Imagine if all the themes of an era were compacted in a sensory journey of rhythm, lyrical controversy, props, symbolism, and movement…. well Donald Glover has done it. His latest hit “This is America” is the whole package as it dissects the current state of a mixed nation under the tyrannical boots of discrimination, capitalism, and internalized stratification- and almost all his projects are collaborative, his work reaches volumes as it lets others shine.
One shinning contributor to the projects energy is the video’s choreographer: 23 year-old Sherrie Silver. Having danced for years, the Rwanda-born, England-bred creative initially gained traction for her “Afro-Dance” videos on Youtube, but after Glovers team reached out, her career took on a different weight.
She tells Interview: “The video is full of madness and reflects what’s going on in America and around the world right now. The kids and the choir are supposed to be the happy part of that, so there are two different worlds at the same time. Multiple parts of the video are meant to catch the viewer off-guard, with people smiling and enjoying themselves before it goes dark.”
The themes of this video, are the video- so for Silver it was important to speak to all aspects of Glovers message. By incorporating African dance like the South African ‘Gwara Gwara’, alongside Hip-Hop phenomenons like ‘Shoot’ or ‘Nae Nae’, she succeeds in illuminating the dichotomy of joy and pain- as it related to Pop Culture and its hidden state of affairs.
Stevie Wonder’s birthday was Sunday, but it seems like the celebration has been under way since at least last week. And if he has his way, it won’t stop anytime soon.
The legendary soul singer who has a history of social activism recently offered up his opinions, and solutions, surrounding several contentious topics, including but definitely not limited to the sad state of affairs in the world.
To counter the widespread “confusion” and surge of hate around the globe, Wonder’s first order of business, he said, was to perform a series of “positive” shows, according to the Associated Press, which attended the Hollywood performance.
Donald Glover singing "Superstition" with Stevie Wonder last night at The Peppermint Club in L.A. Kelly Rowland, Jessie J on backup vocals. Wow. pic.twitter.com/ZhjF6O5a1w
“So much is going on in the world. And there is too much confusion,” Wonder said during the performance last Thursday. “The one thing we know for sure that we can celebrate is our life, our love and our music… The positive will win in the end.”
He also had an impromptu jam session with Donald Glover, the actor who also sings and raps as Childish Gambino. Wonder said he wanted to work with Glover for an upcoming album.
Jay Z led the nominations for the 60th Grammy Awards, annouced on Tuesday morning, with eight. He’s followed by Kendrick Lamar, whose “DAMN.” album scored seven; Bruno Mars with six; and Childish Gambino (aka actor Donald Glover), newcomers SZA and Khalid, and producer No I.D. (who worked on “4:44”) with five each.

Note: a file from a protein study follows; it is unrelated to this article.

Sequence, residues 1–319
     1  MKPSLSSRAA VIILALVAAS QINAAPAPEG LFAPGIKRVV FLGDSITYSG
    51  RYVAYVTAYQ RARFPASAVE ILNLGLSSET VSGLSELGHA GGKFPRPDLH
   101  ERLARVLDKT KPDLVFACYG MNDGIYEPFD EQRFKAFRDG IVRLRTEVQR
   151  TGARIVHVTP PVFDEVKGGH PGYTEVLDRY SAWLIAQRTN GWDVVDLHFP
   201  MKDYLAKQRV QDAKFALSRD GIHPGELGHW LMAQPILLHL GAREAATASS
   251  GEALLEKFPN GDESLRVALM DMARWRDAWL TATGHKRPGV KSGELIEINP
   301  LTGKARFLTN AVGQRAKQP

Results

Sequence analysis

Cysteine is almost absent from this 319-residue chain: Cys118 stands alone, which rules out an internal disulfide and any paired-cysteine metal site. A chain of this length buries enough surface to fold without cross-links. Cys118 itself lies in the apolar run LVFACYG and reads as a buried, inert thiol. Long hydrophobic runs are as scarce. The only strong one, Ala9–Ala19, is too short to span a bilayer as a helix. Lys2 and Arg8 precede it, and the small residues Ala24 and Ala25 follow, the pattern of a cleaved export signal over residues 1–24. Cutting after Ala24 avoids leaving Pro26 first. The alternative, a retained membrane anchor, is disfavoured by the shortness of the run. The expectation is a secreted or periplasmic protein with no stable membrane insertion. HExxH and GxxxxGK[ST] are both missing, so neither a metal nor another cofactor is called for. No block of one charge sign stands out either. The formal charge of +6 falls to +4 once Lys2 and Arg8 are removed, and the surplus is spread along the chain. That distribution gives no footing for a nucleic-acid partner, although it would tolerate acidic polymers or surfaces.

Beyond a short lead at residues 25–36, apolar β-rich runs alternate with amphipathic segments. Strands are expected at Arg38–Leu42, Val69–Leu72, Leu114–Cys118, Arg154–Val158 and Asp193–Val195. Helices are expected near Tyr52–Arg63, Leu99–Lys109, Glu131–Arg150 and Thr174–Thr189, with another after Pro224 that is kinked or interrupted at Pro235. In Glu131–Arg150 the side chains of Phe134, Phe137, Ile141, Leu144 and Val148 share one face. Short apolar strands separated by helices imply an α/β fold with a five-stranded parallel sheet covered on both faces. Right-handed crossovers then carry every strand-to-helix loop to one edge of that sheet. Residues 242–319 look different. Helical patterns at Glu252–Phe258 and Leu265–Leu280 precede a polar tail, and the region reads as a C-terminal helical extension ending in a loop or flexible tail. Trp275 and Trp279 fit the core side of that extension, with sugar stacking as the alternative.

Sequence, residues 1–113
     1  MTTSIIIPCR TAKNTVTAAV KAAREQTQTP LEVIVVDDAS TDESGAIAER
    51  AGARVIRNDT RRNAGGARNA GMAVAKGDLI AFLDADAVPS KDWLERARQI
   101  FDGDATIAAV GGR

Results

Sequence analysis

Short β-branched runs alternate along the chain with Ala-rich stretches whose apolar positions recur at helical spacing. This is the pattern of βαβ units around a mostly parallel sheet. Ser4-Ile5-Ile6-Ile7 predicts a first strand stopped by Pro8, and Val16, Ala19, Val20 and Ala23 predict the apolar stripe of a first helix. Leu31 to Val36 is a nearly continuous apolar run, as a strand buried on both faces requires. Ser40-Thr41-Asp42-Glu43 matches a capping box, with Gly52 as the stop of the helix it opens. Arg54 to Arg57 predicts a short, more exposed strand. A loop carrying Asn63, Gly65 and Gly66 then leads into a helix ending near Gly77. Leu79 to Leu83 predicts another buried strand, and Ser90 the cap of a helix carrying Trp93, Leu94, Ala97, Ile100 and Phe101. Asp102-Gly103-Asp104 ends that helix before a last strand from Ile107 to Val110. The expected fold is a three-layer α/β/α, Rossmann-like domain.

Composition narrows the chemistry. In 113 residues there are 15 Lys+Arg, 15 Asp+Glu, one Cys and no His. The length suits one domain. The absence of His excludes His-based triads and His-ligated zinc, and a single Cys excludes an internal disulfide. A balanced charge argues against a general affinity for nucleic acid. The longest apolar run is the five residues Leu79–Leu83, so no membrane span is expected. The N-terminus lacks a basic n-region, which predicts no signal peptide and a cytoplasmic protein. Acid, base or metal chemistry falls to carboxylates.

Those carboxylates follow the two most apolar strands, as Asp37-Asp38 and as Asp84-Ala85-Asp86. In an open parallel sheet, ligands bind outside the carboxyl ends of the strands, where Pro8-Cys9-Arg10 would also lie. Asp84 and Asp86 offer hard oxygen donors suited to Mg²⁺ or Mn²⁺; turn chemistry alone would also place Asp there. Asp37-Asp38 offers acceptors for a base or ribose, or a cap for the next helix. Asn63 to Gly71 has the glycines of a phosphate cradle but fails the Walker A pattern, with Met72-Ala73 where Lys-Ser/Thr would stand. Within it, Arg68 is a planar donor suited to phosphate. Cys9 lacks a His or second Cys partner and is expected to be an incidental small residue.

The rap icon was the only artist to score nods in the top three categories (record, album, and song of the year) for his 13th studio album, “4:44,” while Mars’ “24K Magic,” and Gambino’s “‘Awaken, My Love!’” each landed two noms in the general field.
Grammy-nominated singer-songwriter Andra Day announced the nominees in the four general field categories: best new artist, record of the year, song of the year, and album of the year on “CBS This Morning” at 8:30 a.m. ET/5:30 a.m. PT.
The 60th Grammy Awards will air live from New York’s Madison Square Garden Jan. 28 on CBS.
Here is the full list of nominees for the 60th Grammy Awards:
Record Of The Year:
“Redbone” — Childish Gambino
“Despacito” — Luis Fonsi & Daddy Yankee Featuring Justin Bieber
“The Story Of O.J.” — Jay-Z
“HUMBLE.” — Kendrick Lamar
“24K Magic” — Bruno Mars
ATLANTA — In June, on the day Raury turned 18, he woke up earlyish and went to the aquarium here with an old friend for a low-key afternoon. He’d just graduated from high school, but this night was the real cause for celebration — a concert he’d been planning for months. He called it Raurfest.
It was an ambitious name for his first proper headlining performance, but Raury’s taste for the epic is among his most appealing characteristics. So that night, in a gallery space/abandoned industrial building near downtown, a dinner was organized in his honor, followed by a show under the stars.
Yesterday, Raury released his first album, “Indigo Child” — free online at indigochildproject.com, though he is signed to Columbia. It is, for the most part, an astonishingly assured debut, full of multipart songs teeming with deeply felt ideas. He has an easy way with melody but also a consistently grand-scaled sense of theater, which makes for music that’s intimate and imposing all at once.
It’s an album, he said, “made from frustrations, made from being looked down upon, made from being an outcast and not like everyone else.” His response to those obstacles is elegant pop that takes in tender soul, muscled rock and flickers of hip-hop attitude.
“I want it to sound like a World War III benefit concert,” he joked.
“God’s Whisper,” his breakthrough song, is like anarchic gospel, with a hollow stomp that could almost be borrowed from Mumford & Sons. “Cigarette Song” owes at least some of its silken attitude to Terence Trent D’Arby. Elsewhere, there are shades of Kid Cudi, Outkast and MGMT.